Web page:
The Commission will appeal to the court if the majority of its members agree with this statement

CFTC suspects Celsius of violating US laws

06.07.2023 - 09:30


3 min

Investigators at the Commodity Futures Trading Commission have concluded that bankrupt crypto lender Celsius Network and its former chief executive officer broke US rules before the firm’s implosion, according to people familiar with the matter.

If a majority of the CFTC’s commissioners agree with that conclusion, the agency could file a case in federal court as soon as this month, said the people, who asked not to be identified discussing the confidential determination. Attorneys in the enforcement unit determined that Celsius misled investors and should have registered with the regulator, and that former CEO Alex Mashinsky also broke regulations, said one of the people.

The CFTC declined to comment. Representatives and attorneys for Celsius didn’t respond to multiple requests for comment by email and telephone. Mashinsky and his attorney also didn’t respond to requests for comment.

Meanwhile, the Securities and Exchange Commission and federal prosecutors in Manhattan have also been investigating Celsius, according to bankruptcy filings. Representatives for the SEC and the US Attorney’s Office for the Southern District of New York declined to comment on the status of those probes.

Celsius’s popularity soared during the pandemic. The company offered loans, and paid interest rates on virtual token deposits that were higher than those in traditional finance. At the same time, Mashinsky would regularly position offerings as being as safe as those available at banks.

But last year’s collapse of the once-popular token TerraUSD and a general downturn in the crypto market caused risky bets by the firm to backfire. Even as the company strenuously denied it faced steep losses, Celsius was facing a flood of exits. In June 2022, it froze customer withdrawals. A month later the firm filed for bankruptcy protection.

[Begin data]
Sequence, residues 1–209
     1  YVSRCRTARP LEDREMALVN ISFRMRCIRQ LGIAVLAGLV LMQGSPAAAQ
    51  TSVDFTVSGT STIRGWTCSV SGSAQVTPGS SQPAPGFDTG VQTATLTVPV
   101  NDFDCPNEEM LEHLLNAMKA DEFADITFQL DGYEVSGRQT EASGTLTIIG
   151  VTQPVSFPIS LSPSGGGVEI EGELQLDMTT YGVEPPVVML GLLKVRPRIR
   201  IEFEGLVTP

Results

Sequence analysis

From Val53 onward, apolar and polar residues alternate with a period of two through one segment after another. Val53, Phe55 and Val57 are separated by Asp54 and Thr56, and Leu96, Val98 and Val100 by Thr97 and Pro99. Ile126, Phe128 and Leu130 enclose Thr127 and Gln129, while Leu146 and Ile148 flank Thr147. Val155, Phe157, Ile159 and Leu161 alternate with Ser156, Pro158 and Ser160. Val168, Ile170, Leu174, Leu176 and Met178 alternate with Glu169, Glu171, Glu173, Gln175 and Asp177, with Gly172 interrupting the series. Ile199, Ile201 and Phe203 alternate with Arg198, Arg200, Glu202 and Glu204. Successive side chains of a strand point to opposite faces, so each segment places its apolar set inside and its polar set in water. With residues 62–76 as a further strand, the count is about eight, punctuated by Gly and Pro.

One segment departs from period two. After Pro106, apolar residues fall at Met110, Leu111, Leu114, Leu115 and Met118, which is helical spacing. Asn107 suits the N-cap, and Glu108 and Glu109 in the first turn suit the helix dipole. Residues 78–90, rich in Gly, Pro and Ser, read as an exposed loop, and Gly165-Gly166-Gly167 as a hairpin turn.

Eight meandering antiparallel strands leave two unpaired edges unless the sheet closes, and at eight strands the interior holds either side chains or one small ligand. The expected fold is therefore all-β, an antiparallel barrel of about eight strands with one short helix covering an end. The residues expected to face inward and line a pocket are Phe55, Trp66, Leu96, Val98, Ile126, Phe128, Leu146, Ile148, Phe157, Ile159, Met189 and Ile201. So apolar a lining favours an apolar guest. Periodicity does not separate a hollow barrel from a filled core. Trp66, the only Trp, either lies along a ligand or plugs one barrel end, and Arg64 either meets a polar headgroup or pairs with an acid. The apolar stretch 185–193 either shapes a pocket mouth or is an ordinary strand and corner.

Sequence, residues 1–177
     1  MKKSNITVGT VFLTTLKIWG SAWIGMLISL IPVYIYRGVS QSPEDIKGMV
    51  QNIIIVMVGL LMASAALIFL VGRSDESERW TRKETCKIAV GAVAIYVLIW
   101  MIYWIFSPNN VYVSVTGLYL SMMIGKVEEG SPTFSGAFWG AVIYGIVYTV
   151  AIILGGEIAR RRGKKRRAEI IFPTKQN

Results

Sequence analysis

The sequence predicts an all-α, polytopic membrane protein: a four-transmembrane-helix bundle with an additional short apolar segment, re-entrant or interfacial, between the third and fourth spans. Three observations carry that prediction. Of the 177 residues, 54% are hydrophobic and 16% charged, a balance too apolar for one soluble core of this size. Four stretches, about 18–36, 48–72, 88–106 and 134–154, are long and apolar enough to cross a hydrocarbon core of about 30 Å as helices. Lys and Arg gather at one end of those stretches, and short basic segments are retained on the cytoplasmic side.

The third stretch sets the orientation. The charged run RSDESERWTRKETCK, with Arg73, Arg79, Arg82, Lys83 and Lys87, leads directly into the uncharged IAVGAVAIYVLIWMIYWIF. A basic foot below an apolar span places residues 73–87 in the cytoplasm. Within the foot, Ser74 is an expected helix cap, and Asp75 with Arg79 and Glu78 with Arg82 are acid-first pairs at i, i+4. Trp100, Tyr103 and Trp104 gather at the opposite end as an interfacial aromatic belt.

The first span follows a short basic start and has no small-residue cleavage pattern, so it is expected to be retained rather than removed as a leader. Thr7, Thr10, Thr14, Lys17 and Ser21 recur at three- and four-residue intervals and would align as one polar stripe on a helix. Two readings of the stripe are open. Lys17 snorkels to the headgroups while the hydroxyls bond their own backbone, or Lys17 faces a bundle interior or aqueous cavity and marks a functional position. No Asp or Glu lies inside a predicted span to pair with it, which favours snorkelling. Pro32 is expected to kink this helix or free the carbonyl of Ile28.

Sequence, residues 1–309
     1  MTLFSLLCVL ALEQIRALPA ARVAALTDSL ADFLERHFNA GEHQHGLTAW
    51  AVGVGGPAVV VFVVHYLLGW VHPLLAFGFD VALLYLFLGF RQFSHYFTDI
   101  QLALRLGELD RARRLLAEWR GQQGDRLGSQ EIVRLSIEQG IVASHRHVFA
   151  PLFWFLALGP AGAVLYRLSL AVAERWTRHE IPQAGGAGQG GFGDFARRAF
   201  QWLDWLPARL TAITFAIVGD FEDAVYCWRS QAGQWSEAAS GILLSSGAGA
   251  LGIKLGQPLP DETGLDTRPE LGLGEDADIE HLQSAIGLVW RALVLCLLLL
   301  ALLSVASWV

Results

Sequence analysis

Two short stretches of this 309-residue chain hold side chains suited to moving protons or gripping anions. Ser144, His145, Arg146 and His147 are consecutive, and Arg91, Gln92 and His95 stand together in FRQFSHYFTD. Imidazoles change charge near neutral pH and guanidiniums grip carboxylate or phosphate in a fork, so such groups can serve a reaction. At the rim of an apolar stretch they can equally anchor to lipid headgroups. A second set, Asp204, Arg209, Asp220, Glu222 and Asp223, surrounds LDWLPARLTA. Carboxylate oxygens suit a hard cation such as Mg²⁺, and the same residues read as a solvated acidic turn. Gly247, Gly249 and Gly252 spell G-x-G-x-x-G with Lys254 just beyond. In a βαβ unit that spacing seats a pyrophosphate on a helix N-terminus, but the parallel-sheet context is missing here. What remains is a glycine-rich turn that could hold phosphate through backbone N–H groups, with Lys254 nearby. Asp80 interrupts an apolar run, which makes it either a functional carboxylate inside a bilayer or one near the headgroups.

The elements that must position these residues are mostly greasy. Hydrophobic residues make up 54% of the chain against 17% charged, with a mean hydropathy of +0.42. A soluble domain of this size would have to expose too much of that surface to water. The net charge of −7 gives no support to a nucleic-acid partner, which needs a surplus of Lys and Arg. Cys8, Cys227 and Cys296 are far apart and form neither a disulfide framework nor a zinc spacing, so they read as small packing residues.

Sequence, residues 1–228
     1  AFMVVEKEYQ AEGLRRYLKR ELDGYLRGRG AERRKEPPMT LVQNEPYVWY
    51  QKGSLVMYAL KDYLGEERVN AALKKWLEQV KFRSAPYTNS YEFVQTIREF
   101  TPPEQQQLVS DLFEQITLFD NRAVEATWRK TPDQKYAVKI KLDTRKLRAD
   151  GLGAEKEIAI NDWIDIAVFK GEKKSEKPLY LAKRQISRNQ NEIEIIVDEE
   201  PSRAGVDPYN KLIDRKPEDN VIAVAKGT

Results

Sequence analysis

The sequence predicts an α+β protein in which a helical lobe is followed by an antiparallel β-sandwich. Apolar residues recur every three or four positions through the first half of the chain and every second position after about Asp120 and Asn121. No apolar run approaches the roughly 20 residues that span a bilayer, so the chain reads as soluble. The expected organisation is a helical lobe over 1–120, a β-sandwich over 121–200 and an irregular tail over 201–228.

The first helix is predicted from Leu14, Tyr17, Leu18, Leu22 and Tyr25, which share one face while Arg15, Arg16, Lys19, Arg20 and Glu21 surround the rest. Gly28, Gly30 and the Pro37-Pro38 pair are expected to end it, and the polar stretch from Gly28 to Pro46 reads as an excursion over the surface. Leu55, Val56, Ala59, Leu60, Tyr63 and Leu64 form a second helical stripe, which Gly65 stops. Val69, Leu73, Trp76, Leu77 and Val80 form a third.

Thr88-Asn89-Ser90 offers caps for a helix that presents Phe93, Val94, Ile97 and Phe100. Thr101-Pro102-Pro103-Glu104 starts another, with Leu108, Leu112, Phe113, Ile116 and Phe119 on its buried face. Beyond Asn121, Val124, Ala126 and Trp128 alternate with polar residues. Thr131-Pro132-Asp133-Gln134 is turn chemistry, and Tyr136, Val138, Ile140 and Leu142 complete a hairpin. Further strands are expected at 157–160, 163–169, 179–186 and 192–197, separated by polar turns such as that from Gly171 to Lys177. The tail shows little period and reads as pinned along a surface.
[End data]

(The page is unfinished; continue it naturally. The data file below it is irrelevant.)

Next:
Mashinsky helped start Hoboken, New Jersey-based Celsius in 2017. The firm raised funds through an initial coin offering and then blossomed into a multi-billion dollar business by paying customers interest for letting it lend out their crypto tokens.

Prior to his involvement in crypto, Mashinsky worked in telecommunications. He was the founder of Q-Wireless Inc., which was one of four companies that made up Transit Wireless, a joint venture that won a contract in 2007 to install cellular phone and internet service in New York City subway stations.

Celsius’s spectacular blow-up has already prompted legal action, including allegations from New York Attorney General Letitia James that Mashinsky made false statements about the safety of the crypto platform and misrepresented the declining financial condition of the company. In a January lawsuit, James claimed that Mashinsky defrauded hundreds of thousands of investors — including more than 26,000 New Yorkers — out of billions of dollars.

Mashinsky has sought to dismiss the New York state claim, arguing that the suit “demonstrates a fundamental misunderstanding of Celsius’s business, and Mashinsky’s role therein.” His lawyers also said James had cherry-picked statements that he had made online to make her case, and that Celsius’s offering couldn’t be considered securities or commodities because the lender had always offered a pre-determined interest rate regardless of the business’s performance.

A federal enforcement action against Celsius and Mashinsky would be the latest in a string of cases brought this year by US authorities. The CFTC was the first to sue Binance Holdings Ltd., the world’s largest crypto exchange, and its chief executive officer Changpeng Zhao, for allegedly allowing Americans to trade on the overseas platform. The SEC has also sued Binance and Coinbase Global Inc., the largest US crypto exchange. Both firms say they haven’t done anything wrong.

Rostin Behnam, who leads the CFTC, recently told lawmakers that the regulator has brought more than 85 cases related to fraud and manipulation in the digital-asset market, resulting in more than $4 billion in penalties and restitution.

The CFTC says that Bitcoin and Ether, the two biggest cryptocurrencies, are commodities and that it has jurisdiction over them when there’s suspected fraud or manipulation in the market. The agency also has claimed turf over some crypto stablecoins and Bitcoin and Ether derivatives.

Fahrenheit LLC, a group of bidders led by investment firm Arrington Capital, won an auction in May to acquire some of Celsius’s assets.

This material is taken from the website

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